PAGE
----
So that was 2014. The year of a referendum and a World Cup. Of selfies and ice buckets. I’m sure there were many other public or personal highlights for many people too. But for now let’s say goodbye to 2014 and bring on the new year. I wonder what 2015 will bring us?

Why is the Scottish sporting media ignoring a great story? Because it suits its agenda better to peddle the myth of the club that can’t die, that’s why.

On Saturday the draw for the semi finals of the Scottish League Cup was made. Now the last four of the third most important domestic football competition is not usually seen as a major occasion. But this year it appeared to matter more to the media than usual. The draw, live on BBC television, firstly paired football’s New Firm, Aberdeen and Dundee United. And that left two Glasgow teams: Scottish champions Celtic and the league’s newest club.

Now surely that gave the media a story to run with: the first ever match between Celtic and The Rangers. The chance for the new kids on the block to test themselves against the country’s top club. The beginning of a fresh Glasgow rivalry.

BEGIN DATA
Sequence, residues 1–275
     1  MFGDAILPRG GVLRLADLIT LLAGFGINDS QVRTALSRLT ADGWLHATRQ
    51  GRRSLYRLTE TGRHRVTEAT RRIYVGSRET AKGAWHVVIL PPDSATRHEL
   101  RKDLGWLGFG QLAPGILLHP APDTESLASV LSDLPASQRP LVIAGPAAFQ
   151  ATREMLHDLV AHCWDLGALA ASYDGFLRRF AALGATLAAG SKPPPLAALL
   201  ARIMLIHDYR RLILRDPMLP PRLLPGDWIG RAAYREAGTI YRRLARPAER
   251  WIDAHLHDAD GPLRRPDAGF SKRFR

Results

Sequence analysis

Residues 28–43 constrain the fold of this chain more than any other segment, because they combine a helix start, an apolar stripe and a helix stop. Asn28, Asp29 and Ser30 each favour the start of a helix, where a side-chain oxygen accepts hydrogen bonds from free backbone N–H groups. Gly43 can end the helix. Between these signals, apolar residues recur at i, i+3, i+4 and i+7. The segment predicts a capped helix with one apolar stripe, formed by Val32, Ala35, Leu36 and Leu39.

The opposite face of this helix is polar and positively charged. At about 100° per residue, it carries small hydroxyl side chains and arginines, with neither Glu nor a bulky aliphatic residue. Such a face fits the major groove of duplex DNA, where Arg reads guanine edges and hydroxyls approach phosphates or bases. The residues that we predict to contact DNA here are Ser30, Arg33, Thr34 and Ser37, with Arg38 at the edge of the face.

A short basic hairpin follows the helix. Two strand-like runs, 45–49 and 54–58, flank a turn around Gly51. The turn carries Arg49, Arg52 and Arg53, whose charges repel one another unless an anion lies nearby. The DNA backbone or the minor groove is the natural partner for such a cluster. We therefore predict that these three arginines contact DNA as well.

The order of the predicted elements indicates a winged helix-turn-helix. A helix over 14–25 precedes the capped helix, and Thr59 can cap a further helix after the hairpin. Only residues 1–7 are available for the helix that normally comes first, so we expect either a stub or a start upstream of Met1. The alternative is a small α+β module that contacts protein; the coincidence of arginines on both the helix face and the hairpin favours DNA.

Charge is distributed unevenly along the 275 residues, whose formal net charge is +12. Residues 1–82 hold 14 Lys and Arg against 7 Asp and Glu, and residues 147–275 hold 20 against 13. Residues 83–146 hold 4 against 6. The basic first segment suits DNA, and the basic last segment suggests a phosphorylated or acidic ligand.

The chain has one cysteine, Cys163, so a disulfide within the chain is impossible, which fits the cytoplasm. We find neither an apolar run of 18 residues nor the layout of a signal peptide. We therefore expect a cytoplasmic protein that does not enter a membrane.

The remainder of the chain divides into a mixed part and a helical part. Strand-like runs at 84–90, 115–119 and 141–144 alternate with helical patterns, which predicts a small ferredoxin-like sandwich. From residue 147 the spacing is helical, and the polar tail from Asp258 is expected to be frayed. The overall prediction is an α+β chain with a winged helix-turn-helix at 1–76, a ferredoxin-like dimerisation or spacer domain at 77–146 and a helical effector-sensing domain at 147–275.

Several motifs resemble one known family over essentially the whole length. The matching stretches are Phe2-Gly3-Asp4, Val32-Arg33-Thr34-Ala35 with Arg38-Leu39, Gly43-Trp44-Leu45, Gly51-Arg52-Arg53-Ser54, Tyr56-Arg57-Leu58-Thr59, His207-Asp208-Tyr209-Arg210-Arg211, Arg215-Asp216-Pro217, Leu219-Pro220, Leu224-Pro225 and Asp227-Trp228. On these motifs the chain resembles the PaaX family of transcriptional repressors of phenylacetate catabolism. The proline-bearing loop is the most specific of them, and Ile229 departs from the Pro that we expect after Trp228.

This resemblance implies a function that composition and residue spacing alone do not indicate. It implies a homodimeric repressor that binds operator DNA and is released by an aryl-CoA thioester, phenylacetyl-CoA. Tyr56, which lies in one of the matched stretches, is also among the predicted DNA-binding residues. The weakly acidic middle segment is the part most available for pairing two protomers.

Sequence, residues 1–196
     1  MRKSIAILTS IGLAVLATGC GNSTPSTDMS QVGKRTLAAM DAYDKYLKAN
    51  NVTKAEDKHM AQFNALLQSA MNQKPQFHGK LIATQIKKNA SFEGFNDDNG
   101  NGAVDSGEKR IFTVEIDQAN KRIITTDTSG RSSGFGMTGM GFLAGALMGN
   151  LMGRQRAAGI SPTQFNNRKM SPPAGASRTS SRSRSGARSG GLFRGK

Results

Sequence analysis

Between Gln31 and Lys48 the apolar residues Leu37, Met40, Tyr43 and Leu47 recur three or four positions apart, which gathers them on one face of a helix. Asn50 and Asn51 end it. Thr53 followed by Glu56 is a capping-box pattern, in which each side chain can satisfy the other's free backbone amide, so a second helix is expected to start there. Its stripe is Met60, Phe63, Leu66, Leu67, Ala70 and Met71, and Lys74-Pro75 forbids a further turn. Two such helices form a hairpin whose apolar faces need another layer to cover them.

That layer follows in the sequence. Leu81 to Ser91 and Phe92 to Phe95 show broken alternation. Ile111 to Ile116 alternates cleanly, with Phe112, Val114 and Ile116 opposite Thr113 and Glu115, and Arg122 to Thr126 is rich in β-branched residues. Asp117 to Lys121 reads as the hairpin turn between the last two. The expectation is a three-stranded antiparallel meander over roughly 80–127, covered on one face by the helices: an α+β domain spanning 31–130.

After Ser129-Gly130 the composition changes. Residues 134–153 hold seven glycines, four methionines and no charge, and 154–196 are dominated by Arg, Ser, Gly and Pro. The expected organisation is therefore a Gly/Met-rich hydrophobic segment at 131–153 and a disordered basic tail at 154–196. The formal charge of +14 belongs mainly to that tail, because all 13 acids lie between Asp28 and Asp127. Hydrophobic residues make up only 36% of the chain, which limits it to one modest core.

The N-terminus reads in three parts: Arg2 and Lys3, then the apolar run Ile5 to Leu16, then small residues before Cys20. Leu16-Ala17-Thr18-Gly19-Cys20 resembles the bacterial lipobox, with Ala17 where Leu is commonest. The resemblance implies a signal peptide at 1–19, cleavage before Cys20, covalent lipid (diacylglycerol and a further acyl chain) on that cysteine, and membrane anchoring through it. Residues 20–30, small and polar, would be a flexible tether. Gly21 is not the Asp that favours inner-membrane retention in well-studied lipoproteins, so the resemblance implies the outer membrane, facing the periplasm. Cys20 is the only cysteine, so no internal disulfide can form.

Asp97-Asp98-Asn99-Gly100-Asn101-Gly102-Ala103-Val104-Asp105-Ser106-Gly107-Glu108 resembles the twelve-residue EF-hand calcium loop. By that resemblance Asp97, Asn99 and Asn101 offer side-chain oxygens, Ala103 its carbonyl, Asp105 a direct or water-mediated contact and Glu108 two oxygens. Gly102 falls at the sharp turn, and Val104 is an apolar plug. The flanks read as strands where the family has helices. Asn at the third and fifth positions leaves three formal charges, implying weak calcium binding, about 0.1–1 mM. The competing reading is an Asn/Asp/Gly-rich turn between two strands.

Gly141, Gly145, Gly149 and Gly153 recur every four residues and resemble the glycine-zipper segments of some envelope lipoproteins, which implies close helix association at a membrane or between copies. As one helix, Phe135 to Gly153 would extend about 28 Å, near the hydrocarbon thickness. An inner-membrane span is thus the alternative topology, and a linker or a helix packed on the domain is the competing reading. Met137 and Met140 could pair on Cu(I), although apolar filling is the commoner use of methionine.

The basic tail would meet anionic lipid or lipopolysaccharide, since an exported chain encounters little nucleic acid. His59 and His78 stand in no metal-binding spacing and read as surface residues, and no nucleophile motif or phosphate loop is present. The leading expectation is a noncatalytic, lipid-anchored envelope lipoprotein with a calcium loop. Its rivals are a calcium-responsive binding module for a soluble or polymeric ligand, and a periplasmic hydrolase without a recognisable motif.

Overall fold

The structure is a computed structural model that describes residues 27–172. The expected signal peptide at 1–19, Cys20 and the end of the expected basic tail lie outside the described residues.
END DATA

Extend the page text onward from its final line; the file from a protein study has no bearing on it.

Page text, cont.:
But instead they continue to promote the Big Lie. They are still insisting that the new club formed in 2012 and now playing at Ibrox is actually the same club that was liquidated after a financial meltdown in 2012.

We all know the history. How the old Rangers fell into massive debt after years of overspending and was placed into administration. How a creditors agreement was refused plunging the financially crippled club into liquidation. How the Charles Green owned Sevco Scotland Ltd (or was it Sevco 5088 Ltd?) bought the assets of the dying Rangers to form his new football club. And how some of the players were TUPE transferred to this new club while many others exercised their right to walk away.